Egypt and Ethiopia are involved in a conflict over the construction of the Nile River dam. Photo/Reuters
CAIRO – Egypt voiced its anger after Ethiopia announced it had filled the reservoir at its highly controversial hydroelectric dam on the Nile River.
Ethiopia has been at odds with Egypt and Sudan over the megaproject since it was launched in 2011. Egypt relies on the Nile River for almost all of its water needs.
Egypt’s foreign ministry said Ethiopia was ignoring the interests of downstream countries. Meanwhile, Ethiopian Prime Minister Abiy Ahmed in
The following are 5 facts about the background to the Nile River conflict between Egypt and Ethiopia.
1. Starting with the construction of the Grand Ethiopian Renaissance Dam (GERD)
According to Reuters, the USD 4 billion Grand Ethiopian Renaissance Dam (GERD) was announced in early 2011, when Egypt was in political upheaval following the popular uprising that overthrew former President Hosni Mubarak.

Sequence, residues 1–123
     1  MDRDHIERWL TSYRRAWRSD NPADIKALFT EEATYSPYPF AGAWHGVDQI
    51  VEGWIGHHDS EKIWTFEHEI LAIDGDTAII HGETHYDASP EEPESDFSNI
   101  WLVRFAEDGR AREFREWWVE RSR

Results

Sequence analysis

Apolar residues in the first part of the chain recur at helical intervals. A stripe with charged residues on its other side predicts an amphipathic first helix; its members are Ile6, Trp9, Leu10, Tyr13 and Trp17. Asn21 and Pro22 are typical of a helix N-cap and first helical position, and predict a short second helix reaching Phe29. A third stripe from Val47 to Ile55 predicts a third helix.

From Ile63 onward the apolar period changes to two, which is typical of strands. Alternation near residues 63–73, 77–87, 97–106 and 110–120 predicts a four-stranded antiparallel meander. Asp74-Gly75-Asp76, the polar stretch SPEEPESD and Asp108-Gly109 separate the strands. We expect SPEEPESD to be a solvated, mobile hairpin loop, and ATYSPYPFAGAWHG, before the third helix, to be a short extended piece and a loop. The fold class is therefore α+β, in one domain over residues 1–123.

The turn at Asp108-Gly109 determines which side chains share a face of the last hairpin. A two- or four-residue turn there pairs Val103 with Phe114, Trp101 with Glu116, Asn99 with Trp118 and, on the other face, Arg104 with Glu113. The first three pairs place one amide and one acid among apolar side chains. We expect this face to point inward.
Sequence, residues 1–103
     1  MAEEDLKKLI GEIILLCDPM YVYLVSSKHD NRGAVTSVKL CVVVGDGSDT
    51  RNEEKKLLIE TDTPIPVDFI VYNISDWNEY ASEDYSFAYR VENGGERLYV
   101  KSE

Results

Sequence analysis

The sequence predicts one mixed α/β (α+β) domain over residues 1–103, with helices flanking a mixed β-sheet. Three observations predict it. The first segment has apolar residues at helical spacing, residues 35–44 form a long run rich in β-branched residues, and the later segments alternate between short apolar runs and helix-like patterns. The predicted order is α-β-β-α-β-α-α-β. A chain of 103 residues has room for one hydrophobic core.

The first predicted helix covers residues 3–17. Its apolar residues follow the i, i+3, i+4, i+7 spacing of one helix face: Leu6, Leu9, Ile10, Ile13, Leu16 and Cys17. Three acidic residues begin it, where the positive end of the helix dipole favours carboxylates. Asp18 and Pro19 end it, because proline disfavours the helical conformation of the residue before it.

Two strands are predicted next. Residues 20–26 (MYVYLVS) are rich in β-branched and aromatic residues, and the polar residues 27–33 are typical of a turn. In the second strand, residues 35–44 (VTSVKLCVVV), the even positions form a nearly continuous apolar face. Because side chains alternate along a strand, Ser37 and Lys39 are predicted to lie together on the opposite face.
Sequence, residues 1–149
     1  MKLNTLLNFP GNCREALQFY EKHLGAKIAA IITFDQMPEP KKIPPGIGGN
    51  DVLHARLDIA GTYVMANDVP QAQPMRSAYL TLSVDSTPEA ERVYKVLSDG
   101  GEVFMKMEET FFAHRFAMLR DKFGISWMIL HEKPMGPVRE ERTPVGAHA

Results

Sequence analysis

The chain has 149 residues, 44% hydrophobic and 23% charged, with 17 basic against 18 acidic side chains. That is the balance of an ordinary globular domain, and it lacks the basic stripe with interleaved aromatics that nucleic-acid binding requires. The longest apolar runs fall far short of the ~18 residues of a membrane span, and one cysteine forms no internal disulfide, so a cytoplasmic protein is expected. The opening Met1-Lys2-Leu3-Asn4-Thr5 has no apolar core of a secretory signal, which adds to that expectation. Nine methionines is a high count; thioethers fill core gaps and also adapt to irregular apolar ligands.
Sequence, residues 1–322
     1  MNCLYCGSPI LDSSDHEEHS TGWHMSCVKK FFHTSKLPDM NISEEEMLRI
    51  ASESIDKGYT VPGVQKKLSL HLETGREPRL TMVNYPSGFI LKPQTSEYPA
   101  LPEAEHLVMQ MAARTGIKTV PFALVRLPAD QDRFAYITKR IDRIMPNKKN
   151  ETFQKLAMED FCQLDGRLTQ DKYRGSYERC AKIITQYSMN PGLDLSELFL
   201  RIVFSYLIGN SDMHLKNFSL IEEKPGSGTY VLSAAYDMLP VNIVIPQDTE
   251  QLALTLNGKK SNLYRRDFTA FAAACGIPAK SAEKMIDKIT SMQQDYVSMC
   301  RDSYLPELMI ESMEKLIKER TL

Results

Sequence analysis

The dam is central to Ethiopia’s efforts to become Africa’s largest electricity exporter, with an estimated capacity of more than 6,000 megawatts.
Ethiopia says it will start filling the reservoir behind the dam in 2020, although construction has been hampered by delays.
The first stage of filling process is estimated to take two years and bring the water level in the reservoir to 595 meters from a total of 632 meters.
2. Struggle for Nile River Water
The Nile Valley river system flows through 11 countries. The Blue Nile and White Nile rivers merge in Sudan before flowing into Egypt and on to the Mediterranean.
Egypt currently bases its sharing of the river’s water on a 1959 agreement that provided 55.5 billion cubic meters of water annually and Sudan 18.5 billion cubic meters of water annually.